It is clear that sports evolve over time along with training methods and equipment we use to improve the athlete’s performance.
When we see a football goalkeeper training session, we notice a great change in the way of training during the last years. This is partly due to contributions of professionals like José Sambade, who proved the importance of strength training associated to reaction speed. Before Sambade there was a common belief that the only way to improve the quantity of strength was by working with very heavy loads. Sambade, along with other experts like Luis Llopis, has developed lots of pitch drills to improve strength and today are practised by many goalkeeping coaches.
Despite those great training improvements, strength specific training for the football goalkeeper still follows a traditional training approach, in many cases due to lack of knowledge by goalkeeping coaches and strength and conditioning coaches. From our point of view, focusing exclusively on this kind of training is a mistake since we will be not able to reach maximum performance for the goalie. We also think combining traditional strength training in the gym in order to improve reaction speed in the pitch is a mistake too. For instance, many coaches still use exercises like squats as one of the main pillars in their coaching sessions, where the only important goal is to achieve maximum propulsive power. But the truth is that goalkeepers rarely perform bipodal propulsions to produce symmetric strength in their legs. The type of muscular contraction in most actions has not a preload eccentric phase due to time limitation of the execution of the movement…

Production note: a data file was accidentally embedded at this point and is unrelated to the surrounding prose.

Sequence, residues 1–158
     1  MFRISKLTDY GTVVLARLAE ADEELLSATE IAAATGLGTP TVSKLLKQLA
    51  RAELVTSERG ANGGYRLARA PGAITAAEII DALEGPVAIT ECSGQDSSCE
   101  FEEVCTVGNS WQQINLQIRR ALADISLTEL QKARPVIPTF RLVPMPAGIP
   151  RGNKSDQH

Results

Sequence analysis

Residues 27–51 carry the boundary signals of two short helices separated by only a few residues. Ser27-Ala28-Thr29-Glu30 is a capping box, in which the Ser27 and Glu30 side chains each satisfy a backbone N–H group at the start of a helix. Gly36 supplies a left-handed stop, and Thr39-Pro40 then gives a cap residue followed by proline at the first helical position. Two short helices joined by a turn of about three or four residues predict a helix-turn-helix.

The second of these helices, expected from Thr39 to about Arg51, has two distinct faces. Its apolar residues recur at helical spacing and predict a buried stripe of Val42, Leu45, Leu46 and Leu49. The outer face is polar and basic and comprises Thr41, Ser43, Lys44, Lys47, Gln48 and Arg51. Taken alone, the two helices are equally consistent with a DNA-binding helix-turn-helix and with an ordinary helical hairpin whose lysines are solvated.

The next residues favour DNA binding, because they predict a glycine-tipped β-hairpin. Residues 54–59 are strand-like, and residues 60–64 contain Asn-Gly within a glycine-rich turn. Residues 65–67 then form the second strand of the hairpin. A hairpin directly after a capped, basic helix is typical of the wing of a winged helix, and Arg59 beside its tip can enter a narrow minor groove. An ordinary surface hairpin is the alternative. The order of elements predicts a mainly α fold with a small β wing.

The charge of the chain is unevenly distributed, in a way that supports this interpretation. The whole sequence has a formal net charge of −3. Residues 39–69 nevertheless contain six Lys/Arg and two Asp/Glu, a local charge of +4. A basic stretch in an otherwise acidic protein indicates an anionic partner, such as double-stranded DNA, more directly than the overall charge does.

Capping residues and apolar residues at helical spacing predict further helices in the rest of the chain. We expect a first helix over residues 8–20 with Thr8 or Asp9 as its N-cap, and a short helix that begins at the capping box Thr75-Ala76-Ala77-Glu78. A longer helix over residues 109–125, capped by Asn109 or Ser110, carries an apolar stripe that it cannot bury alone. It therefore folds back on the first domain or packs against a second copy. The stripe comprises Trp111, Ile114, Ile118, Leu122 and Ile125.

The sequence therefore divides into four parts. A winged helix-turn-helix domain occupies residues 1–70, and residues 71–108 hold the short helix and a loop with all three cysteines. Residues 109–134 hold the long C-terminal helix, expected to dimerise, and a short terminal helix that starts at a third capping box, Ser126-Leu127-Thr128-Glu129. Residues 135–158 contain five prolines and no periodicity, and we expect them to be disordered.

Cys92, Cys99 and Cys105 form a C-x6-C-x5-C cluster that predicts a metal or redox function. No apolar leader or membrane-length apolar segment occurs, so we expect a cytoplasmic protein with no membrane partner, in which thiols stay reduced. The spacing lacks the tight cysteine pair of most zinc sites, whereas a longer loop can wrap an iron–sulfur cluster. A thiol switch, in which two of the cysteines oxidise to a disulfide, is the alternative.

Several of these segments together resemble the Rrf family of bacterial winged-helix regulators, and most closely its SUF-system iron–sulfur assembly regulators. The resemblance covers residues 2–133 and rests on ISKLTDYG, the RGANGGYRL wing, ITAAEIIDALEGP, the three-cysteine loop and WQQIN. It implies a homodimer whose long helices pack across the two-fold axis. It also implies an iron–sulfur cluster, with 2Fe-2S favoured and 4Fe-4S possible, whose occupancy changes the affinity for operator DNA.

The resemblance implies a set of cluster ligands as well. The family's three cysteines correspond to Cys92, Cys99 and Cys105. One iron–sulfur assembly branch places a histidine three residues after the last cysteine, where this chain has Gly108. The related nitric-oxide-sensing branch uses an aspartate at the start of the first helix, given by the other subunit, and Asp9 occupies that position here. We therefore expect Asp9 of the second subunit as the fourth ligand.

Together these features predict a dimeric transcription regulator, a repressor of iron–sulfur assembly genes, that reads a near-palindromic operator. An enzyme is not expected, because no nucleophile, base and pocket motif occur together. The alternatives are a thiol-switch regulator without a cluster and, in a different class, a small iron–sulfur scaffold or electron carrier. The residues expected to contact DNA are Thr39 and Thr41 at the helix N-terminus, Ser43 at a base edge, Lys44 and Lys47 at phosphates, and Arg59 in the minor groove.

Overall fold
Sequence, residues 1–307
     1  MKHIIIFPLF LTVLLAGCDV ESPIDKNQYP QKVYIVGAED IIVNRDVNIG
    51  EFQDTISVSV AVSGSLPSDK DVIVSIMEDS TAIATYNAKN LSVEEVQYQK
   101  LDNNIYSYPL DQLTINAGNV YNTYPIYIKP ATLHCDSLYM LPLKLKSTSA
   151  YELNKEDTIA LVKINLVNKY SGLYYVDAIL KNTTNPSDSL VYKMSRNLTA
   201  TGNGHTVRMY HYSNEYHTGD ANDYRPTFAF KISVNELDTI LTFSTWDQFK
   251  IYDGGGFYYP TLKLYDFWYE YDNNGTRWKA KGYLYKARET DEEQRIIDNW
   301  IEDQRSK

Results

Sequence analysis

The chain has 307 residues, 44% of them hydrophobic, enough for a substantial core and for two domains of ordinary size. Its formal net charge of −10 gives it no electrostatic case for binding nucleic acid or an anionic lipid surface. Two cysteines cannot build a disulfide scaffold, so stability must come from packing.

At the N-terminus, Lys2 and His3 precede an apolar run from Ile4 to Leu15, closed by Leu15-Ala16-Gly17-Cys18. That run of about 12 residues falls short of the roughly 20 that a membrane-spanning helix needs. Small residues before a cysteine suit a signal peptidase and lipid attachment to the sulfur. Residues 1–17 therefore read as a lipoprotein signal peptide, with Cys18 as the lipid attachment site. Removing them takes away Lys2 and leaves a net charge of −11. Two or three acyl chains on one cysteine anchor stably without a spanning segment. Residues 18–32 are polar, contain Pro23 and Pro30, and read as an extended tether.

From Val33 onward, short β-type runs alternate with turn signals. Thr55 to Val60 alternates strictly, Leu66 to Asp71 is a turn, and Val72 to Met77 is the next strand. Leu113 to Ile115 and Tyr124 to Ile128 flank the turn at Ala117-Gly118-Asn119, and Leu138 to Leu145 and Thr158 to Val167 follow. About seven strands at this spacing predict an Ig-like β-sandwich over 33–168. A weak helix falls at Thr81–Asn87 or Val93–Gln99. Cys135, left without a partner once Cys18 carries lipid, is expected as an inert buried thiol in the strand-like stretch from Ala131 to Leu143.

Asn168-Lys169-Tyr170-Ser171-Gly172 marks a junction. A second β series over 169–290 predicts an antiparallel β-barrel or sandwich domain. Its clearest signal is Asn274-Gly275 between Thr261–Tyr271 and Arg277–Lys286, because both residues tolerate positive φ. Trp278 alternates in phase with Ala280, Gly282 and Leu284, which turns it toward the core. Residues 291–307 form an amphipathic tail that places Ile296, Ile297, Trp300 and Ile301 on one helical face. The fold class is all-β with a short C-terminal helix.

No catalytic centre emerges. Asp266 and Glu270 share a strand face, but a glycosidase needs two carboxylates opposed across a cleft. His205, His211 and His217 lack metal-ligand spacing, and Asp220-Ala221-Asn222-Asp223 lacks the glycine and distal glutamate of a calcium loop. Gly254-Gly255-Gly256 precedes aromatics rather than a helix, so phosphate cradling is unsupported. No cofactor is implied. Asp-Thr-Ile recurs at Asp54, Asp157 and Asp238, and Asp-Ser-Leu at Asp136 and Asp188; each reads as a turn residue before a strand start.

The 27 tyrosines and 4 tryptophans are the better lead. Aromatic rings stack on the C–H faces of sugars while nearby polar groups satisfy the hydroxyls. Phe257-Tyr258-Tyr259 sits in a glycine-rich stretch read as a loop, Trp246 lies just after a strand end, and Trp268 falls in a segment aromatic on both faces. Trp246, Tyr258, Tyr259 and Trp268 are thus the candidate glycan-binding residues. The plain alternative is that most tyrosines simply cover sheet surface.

What is more important is not to increase force production, but the ability of applying force at the right time. A good example is that the goalkeeper who jumps the most in a Squat Jump session does not normally need to be the one who jumps the most when saving crosses. This is because in real action the goalie is moving, and he/she must jump in motion to save the crossing. The muscles involved in this task are acting differently and coordinating to perform properly; in addition, the goalkeeper must analyse the external environment (rivals, ball…) while executing the movement and perform small adjustments during the execution. Hence the differences between jumping in tight spaces situations and jumping in wide spaces situations. So, the best way to improve the goalkeepers’ strength is by improving coordination. It is particularly important to understand and train intramuscular and inter-muscular coordination properly. This kind of training will improve the goalie’s performance much more than other approaches focused on the improvement by physiological ways, such as hypertrophy training.